What the pandemic brought to the kitchen table
The past year has looked like no other in lots of ways. For this post, I want to focus on one in particular: food. Let’s take a moment to reflect on how the pandemic changed the ways in which we fed ourselves and our families; what may have worked or didn’t work, and how we can carry the positive changes into the next year and beyond.
A lot of restaurants struggled this past year. We saw permanent shutdowns, temporary closings, re-openings with different menus and smaller staff, radical changes to businesses’ missions, expansion of delivery and curbside ordering, and restaurant owners and staff constantly re-imagine and pivot in order to make 2020 financially viable. As customers, we also re-imagined what restaurant patronage looked like. For some, that meant buying gift cards as a way to spend now and eat later. For others, it meant getting take-out from a different establishment each night. For a few, it meant “adopting” a favorite business or even a favorite server on a crowdfunding platform. Some of us stuck to chains because it felt safer, somehow. Others of us chose local in order to keep more dollars in the community and support our neighbors.
Whichever method you chose, it is hard not to recognize that restaurants are part of what helps make our city unique. By supporting them, we lift up not only the owners and employees, but also local food producers, farmers, and distributors.
Some of us leaned in hard to technological assistance. This may have looked like restaurant delivery apps like GrubHub, DoorDash, or local delivery cooperatives. For many, the convenience of these apps offset the delivery fees. It was hard, though, not to realize that the restaurants bore the brunt of this convenience in the form of reduced profit per order and loss of marketing control. As pandemic restrictions are lifted and more people are vaccinated, we may see the use of restaurant delivery apps decrease or continue to evolve.
We also brought grocery apps into our phones. The apps from the big stores like Kroger, Meijer, and Wal-Mart are all pretty similar: pick-up and delivery options, same-day options, options for order updates, pre-pickup substitution approval, and fees based upon the amount you spent. One of the main draws for these apps is that you could both shop for and receive your groceries from the comfort and safety of your home or car, thus lessening any extraneous contact with people not in your household. Of course, these grocery apps existed before the pandemic, but I’m willing to bet that since so many people learned how easy they are to use, their popularity will continue to grow.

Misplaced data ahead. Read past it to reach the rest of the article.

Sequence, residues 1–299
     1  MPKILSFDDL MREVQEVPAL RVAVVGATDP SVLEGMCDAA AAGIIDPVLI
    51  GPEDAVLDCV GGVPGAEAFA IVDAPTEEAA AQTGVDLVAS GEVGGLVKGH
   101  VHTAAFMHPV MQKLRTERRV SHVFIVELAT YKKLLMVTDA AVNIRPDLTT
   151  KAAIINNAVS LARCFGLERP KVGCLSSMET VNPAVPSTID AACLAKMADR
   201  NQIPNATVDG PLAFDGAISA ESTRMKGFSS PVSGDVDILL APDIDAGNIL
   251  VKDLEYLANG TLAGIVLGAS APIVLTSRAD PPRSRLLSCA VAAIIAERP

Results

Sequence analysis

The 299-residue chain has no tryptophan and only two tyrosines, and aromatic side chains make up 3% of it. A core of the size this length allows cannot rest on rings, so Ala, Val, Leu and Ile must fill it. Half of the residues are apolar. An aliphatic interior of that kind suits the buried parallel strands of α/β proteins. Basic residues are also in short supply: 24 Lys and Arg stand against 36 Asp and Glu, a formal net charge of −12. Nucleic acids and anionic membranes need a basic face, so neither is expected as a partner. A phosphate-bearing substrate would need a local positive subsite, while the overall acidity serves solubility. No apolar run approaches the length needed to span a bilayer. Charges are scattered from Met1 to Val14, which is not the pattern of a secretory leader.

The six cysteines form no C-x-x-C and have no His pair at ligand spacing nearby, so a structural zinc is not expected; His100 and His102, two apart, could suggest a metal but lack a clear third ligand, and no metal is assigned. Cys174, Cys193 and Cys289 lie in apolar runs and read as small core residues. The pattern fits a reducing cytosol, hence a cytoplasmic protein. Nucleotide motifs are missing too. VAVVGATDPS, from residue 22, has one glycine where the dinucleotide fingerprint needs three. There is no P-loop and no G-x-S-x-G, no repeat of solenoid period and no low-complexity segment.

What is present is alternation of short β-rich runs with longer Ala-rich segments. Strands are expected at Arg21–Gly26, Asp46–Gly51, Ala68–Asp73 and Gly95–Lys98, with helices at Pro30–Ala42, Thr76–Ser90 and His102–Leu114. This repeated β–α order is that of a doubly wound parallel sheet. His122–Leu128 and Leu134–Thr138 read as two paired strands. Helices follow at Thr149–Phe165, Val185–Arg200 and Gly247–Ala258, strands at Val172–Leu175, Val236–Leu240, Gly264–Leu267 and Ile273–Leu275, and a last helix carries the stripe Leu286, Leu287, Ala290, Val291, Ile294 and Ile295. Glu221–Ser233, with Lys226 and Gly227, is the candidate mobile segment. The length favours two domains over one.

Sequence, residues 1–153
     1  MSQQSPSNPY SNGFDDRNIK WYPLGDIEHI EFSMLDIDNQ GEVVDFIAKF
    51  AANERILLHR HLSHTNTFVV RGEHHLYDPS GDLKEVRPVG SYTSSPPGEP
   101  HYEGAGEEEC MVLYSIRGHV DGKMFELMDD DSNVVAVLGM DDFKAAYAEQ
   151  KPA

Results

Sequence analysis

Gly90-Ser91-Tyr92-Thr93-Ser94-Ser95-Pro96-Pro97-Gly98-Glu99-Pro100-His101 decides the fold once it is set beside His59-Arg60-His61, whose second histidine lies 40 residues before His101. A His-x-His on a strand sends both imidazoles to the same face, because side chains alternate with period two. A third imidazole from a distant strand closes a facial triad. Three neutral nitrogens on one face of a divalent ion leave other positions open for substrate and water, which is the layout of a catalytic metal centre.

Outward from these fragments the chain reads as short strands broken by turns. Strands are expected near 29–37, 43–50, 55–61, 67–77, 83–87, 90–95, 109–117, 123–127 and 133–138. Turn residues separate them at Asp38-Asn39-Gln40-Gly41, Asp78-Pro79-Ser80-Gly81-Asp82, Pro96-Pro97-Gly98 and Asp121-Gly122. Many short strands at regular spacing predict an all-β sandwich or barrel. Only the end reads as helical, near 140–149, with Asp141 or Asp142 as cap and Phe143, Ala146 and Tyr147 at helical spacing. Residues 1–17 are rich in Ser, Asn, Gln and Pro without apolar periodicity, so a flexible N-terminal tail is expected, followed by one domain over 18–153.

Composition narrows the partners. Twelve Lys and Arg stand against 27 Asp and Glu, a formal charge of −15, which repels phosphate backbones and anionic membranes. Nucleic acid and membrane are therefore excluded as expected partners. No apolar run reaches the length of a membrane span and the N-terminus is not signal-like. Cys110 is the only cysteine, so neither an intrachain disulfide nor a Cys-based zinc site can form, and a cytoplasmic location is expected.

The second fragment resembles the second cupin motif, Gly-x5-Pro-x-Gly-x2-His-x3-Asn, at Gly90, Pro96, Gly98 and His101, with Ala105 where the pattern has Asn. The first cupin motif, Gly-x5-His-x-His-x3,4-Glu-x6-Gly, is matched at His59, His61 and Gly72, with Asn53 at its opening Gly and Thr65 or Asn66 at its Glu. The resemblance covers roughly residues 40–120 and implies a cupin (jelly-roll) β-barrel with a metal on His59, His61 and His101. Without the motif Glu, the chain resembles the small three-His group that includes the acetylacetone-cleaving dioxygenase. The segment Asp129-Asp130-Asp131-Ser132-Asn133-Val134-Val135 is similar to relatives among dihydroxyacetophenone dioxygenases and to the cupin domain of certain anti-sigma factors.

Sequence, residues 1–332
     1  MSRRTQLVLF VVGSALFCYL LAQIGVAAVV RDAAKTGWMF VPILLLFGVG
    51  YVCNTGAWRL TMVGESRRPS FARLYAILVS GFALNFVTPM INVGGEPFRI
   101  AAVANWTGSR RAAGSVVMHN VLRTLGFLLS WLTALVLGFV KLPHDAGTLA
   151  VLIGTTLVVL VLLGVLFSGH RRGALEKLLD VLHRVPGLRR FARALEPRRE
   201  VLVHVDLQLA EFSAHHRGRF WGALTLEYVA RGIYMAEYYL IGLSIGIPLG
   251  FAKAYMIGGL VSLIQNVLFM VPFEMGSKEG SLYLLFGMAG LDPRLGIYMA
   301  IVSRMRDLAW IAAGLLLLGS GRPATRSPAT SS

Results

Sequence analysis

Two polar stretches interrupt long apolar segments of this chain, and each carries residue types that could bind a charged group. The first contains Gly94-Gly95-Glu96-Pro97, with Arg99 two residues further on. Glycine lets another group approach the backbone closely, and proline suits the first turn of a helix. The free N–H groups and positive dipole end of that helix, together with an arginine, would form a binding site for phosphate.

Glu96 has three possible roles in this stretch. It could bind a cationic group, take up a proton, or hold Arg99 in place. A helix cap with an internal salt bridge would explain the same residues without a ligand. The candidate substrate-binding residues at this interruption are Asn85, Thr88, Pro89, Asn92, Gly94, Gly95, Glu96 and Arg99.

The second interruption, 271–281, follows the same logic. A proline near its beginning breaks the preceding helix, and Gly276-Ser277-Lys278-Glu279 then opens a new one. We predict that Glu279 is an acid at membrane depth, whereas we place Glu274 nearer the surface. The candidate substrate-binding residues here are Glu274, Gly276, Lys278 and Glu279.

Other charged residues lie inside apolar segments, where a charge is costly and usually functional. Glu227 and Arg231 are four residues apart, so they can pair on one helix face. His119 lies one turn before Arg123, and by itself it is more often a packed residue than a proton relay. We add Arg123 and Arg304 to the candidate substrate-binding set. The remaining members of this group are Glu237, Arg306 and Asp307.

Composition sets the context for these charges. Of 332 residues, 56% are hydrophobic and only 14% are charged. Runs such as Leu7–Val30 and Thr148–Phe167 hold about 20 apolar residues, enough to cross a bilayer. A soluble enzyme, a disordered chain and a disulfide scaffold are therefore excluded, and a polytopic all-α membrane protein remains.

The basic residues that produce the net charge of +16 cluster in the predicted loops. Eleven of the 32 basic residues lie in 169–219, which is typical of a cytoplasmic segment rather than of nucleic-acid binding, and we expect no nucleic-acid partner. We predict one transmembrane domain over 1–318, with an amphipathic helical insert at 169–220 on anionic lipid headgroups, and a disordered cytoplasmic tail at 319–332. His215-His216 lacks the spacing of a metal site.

For those of us who continued to grocery shop in person, we turned it into an Olympic sport: speed, accuracy, and skill meant that you were at the top of the shopping game. Here are some skills we can take away from the last year to make the most out of grocery shopping in the future:
- discard what is expired or won’t be used
- make room for new groceries
- identify foods you can use for meals
- know what you already have
Making a list
- build your list throughout the week
- consider a “staples” list
- use a shared family list
- include “amounts needed” for ingredients
- organize your list based on the store layout
- plan for meals and snacks
At the store:
- bring your list and don’t go hungry
- try using a smaller cart
- for efficiency, shop at the same store
- unload your cart based on how you will store it
- reserve your time early
- take advantage of order modifications
- specify substitution preferences
- deliveries have a fee, tips for drivers encouraged
- find out who is doing your shopping
- At the store:
- empty bags and organize items by storage location
- use the FIFO method (first in, first out)
- identify what needs to be frozen, repackaged, or prepped
Was there an increase in home cooking? For many, yes — we simply couldn’t eat in restaurants in the same ways we did pre-pandemic. But, this was not the case for everyone! Healthcare workers, for example, may have experienced schedule changes or lifestyle demands that made it difficult to prepare meals at home. WFH-ers may have found that more people in the shared household space made it challenging to navigate meal planning. People who were working and/or schooling from home may have also had to reconfigure their dining room or kitchen into makeshift offices or classrooms, likely changing what meal prep and eating looked like. Some people saw their pantries get more bare than usual as they decreased the incidence of grocery shopping for fear of exposing themselves to the virus. Others may have bought in bulk and had to contend with extremely large amounts of non-perishable foods. Really, the only constant when it came to cooking at home was that it most likely looked different for every household.
Avoiding kitchen burnout is probably the #1 cooking and meal preparation habit that we’ll take away from this past year. Whether that looks like using meal planning apps (we like Mealime, Supercook, and Big Oven) embracing quick and healthy meals, experimenting with meal kit services, or stocking your kitchen with healthful “convenience” foods that take little more than assembly to create a satisfying meal — it’s all about removing barriers that are keeping you from achieving your mealtime goals.
So, how did feeding yourself or your family change over the past year? What worked that you want to bring with you into the future? What are some ways you can continue to improve?
Whatever skills and practices you choose going forward, we are here to support you and answer your questions about nutrition, fitness, health, and well-being. We love to hear from you!